(CNSNews.com) - Of all the threats he deals with as FBI director, Christopher Wray on Thursday singled out one particular threat -- the threat of violent crime.
Wray, in his opening statement, told the Senate Judiciary Committee he speaks with police chiefs and sheriffs all the time, "and the number one concern I hear from them by far is rising violence, whether it's gangs terrorizing a neighborhood, well-known trigger-pullers who keep finding their way back out onto the streets, robbery crews graduating from carjacking to aggravated assaults and worse -- the violent crime problem is real, and it's one we are determined to combat.”
Wray said the FBI is working closely with local partners across the country, through more than 300 FBI task forces with some 3,000 members, to identify and target the most dangerous offenders, or "the worst of the worst," as he put it.
He reported that in just one week this summer, the FBI in Phoenix arrested more than a dozen people on drug and firearms charges as part of a gang investigation; the FBI in Sacramento arrested eight people and seized "pounds" of amphetamine, fentanyl and multiple handguns; and the FBI in San Antonio arrested 18 suspected drug traffickers with cartel ties.
"That is just three FBI field offices in a single week," he said.
Sen. John Cornyn (R-Texas) asked Wray if criminal street gangs are the primary distribution network for illegal drugs that come across the border.
"I think anecdotally, I don't know if I have the intelligence assessment in front of me, but I think we would say that criminal street gangs are the vehicle that we interact with the most as distribution mechanisms for drugs that are coming from the cartels and transnational criminal organizations south of the border," Wray said.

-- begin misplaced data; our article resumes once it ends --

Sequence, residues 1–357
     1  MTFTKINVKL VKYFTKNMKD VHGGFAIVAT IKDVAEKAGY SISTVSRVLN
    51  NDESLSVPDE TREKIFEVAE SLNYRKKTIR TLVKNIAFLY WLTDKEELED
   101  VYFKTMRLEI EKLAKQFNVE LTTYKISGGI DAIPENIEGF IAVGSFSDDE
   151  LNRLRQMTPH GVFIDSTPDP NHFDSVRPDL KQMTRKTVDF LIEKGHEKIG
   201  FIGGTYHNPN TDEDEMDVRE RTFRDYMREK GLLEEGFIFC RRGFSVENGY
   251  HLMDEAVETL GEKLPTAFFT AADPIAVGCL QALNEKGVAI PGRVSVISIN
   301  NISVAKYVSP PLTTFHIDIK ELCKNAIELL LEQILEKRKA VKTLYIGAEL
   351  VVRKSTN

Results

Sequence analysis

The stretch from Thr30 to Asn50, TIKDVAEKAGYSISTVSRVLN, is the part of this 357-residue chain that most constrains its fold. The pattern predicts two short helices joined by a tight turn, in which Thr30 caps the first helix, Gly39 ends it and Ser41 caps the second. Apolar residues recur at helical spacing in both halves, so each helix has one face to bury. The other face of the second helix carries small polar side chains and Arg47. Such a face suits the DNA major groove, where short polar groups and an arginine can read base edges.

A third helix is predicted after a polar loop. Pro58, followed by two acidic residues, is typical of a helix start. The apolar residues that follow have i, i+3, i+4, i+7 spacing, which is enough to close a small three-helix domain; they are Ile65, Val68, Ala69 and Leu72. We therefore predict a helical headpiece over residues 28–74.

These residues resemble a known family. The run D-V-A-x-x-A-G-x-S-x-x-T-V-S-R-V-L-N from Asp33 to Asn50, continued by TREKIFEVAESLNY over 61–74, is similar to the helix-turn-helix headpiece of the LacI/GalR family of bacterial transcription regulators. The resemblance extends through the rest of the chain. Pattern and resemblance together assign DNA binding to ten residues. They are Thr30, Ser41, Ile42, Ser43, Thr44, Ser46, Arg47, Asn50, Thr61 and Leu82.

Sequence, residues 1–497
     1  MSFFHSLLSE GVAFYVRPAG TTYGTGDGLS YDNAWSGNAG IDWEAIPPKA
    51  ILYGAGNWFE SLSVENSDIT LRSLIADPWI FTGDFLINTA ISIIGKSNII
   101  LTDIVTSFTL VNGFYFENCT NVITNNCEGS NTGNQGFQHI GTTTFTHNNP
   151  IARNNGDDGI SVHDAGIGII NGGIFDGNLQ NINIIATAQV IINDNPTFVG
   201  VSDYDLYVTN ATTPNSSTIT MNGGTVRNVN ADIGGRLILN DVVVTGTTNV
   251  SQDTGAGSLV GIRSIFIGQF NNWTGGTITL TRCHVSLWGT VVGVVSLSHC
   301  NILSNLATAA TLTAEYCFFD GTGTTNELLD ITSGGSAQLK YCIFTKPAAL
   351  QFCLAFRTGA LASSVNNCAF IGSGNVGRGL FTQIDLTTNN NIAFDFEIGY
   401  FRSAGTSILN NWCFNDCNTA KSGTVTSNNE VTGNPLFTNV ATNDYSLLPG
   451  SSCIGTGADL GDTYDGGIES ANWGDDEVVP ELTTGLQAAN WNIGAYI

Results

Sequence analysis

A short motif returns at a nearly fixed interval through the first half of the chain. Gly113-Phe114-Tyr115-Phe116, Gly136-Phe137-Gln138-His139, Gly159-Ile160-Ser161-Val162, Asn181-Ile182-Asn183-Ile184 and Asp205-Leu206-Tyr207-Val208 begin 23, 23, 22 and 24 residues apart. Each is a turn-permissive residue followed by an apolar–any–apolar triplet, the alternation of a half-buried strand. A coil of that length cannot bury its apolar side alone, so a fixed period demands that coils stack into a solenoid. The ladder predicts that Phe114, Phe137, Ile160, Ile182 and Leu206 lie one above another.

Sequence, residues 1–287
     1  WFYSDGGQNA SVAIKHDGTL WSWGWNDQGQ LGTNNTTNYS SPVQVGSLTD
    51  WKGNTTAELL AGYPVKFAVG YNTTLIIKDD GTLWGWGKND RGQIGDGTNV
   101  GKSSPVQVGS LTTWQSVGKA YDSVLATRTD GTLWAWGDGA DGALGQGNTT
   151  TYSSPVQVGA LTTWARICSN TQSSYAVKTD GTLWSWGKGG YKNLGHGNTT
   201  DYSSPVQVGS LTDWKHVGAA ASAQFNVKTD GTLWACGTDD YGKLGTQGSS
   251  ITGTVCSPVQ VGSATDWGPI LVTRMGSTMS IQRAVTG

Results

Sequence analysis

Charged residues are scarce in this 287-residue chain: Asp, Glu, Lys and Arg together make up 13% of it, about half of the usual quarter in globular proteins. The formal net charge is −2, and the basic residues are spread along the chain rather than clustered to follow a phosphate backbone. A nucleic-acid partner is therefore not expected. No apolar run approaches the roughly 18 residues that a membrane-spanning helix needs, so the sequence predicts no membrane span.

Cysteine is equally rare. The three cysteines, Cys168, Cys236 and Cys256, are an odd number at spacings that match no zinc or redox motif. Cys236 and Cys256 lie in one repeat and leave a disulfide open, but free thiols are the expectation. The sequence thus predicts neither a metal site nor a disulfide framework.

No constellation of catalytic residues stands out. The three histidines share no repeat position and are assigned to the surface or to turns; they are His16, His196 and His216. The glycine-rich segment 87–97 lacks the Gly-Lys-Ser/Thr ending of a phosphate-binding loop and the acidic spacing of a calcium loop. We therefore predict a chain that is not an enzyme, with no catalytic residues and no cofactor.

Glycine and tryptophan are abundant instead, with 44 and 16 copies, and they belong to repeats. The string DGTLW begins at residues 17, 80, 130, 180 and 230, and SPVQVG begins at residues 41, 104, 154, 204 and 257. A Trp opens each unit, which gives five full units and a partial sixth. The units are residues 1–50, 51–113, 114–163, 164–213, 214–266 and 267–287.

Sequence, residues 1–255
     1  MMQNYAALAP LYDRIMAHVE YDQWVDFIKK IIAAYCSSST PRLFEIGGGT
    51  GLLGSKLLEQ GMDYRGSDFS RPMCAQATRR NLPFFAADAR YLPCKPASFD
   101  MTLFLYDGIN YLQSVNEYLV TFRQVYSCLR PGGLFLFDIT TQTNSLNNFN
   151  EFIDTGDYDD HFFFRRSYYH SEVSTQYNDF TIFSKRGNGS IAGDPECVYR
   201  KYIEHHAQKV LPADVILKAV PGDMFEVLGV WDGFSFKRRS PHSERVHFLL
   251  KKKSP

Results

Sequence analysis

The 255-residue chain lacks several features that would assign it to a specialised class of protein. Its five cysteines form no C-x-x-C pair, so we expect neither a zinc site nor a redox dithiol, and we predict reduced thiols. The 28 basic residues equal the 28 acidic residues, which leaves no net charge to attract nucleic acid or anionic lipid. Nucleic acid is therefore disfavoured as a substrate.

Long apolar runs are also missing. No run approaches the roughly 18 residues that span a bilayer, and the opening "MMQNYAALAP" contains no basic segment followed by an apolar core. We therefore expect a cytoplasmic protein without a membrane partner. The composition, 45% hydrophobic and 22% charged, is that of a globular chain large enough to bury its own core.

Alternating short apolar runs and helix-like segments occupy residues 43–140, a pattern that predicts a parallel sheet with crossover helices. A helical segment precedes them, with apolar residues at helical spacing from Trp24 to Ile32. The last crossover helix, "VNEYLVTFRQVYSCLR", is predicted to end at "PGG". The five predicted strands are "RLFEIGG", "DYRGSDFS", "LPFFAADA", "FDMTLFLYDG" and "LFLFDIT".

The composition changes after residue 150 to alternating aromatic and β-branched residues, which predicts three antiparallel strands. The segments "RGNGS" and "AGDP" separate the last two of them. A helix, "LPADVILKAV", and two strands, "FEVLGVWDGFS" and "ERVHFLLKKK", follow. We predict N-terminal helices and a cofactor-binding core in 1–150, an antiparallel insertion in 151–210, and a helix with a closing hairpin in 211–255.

Cornyn followed up:
"And these criminal street gangs...are responsible for a significant portion of the violence, including gun violence, in communities across our country as a battle for market share and territory, correct?" Cornyn asked.
"Absolutely right," Wray responded. “When I'm out talking with chiefs and sheriffs, and I talk to them just about every week, I find more and more that that's what we are seeing. There certainly are national gangs that we're concerned about, but Americans might be surprised to hear how many essentially neighborhood gangs...are the biggest driver of violence."
"Ok," said Cornyn. "And when you talk about the rise in violent crime being one of your most urgent concerns, I think the country certainly would agree with you that statistics tell the tale of a significant spike in crime and of course along with it the public concern for that. Would you attribute some of the violence, increased violence that you are seeing, to these gangs and their drug businesses? I'm trying to figure out if you will agree with me that there is a nexus between drugs, gangs and guns. Is that correct?” Cornyn asked.
"Absolutely," Wray said. "I mean, one of the first things I'm asked in all these field office visits both (from) our own people and our law enforcement officers when we sit privately and have listening sessions where I'm really asking them questions, that's -- what you just said is something I hear about over and over and over again."